Amish Rainbow Blend Broom Corn Seeds

Organic, Heirloom

#2006
Availability: In Stock
Broomfield, Colorado, the home of Botanical Interests, was named after the broom corn plant around 1900 when a lot of farmland was devoted to growing it. Brooms were traditionally made from the straw-like fibers after stripping off the seeds. Broom Corn is a member of the grass family, so instead of growing tassels and ears like sweet corn, it is topped by richly colored shiny seeds. Harvest them for fall dècor and dried arrangements, or grow enough to make your own broom!
$2.99 2 grams

Botanical Name: Sorghum bicolor

Family: Poaceae

Native: Africa

Hardiness: Frost-sensitive annual

Plant Dimensions: 6'–15' tall

Variety Information: 16"–20" seed panicles; seeds range in color from reds to browns and blacks.

Exposure: Full sun

Bloom Period: Late summer to fall

When to Sow Outside: RECOMMENDED. 1 to 2 weeks after your average last frost date, and when soil temperature is 60°–80°F. In the deep South, this can mean as early as February.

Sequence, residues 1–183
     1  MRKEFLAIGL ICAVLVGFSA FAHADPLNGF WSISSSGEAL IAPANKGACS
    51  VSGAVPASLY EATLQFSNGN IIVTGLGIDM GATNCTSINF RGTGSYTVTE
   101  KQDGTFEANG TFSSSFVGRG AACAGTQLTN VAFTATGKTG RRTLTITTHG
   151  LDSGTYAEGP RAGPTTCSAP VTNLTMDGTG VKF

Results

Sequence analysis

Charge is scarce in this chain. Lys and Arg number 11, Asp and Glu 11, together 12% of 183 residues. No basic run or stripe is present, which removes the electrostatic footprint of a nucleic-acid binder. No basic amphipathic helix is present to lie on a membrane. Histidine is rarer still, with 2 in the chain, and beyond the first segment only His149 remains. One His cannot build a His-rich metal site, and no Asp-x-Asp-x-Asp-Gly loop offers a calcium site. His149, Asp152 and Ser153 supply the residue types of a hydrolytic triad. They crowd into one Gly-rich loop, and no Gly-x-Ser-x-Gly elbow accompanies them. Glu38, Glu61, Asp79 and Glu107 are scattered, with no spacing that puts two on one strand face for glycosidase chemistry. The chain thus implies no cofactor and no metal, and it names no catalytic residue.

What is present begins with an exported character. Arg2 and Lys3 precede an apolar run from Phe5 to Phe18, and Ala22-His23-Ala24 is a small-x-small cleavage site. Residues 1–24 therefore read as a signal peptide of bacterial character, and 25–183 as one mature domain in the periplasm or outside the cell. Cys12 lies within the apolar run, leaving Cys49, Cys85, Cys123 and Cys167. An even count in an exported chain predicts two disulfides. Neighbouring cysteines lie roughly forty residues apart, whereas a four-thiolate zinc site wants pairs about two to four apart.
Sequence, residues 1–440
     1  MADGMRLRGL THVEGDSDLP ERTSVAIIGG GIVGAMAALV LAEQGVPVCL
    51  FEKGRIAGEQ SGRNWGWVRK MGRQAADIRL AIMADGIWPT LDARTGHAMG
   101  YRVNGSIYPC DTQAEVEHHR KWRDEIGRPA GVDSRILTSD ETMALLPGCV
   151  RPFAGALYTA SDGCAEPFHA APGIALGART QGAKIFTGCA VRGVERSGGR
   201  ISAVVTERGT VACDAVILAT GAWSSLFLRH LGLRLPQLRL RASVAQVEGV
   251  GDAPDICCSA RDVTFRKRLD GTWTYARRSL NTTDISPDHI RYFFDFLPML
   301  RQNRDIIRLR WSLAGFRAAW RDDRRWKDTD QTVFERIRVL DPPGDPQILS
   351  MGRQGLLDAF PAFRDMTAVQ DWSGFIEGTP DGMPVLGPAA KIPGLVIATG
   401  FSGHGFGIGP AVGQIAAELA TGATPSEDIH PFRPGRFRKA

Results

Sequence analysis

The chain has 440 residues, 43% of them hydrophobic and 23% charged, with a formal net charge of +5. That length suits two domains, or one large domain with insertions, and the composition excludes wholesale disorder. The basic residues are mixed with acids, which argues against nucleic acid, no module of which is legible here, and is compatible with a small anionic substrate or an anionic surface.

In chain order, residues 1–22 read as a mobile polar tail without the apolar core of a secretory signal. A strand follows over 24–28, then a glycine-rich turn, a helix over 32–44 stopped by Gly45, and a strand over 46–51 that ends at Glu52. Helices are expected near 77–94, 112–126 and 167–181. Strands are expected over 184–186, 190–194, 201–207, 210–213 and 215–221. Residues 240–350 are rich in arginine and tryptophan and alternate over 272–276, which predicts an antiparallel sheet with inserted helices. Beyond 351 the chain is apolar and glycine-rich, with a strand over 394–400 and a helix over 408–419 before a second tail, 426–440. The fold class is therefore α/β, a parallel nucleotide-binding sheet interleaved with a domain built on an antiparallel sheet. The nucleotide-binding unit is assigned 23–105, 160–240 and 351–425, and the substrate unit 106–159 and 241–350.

When to Start Inside: Not recommended.

Days to Emerge: 7 – 14 days

Seed Depth: ½"

Seed Spacing: A group of 2 seeds every 12"

Thinning: When 4" tall, thin to 1 every 12"

Special Instructions: If necessary, protect seedlings from birds. Broom corn does not need to be isolated from corn plants; they will not cross-pollinate.

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Amish Rainbow Blend Broom Corn Seeds Reviews

1 review
Used it as a living fence and bird food
Review star icon Review star icon Review star icon Review star icon Review star icon Feb 8, 2020
This performed fantastically well for me as a living fence to get privacy and produced a ton of seeds for the outdoor birds to eat and to plant the next year. Some of these plants grew to 14 feet tall. I saved a lot of seeds for planting and trading but the wild birds are still eating off of last summer's plants. I love this and can't wait to grow it again this year! Since it's an annual if you don't want the living fence the next year, you don't have to worry about it being invasive. The seed sprays were very decorative too, and there were three colors of seeds. A light buff, reddish, and nearly black.
Carolyn Hasenfratz Winkelmann

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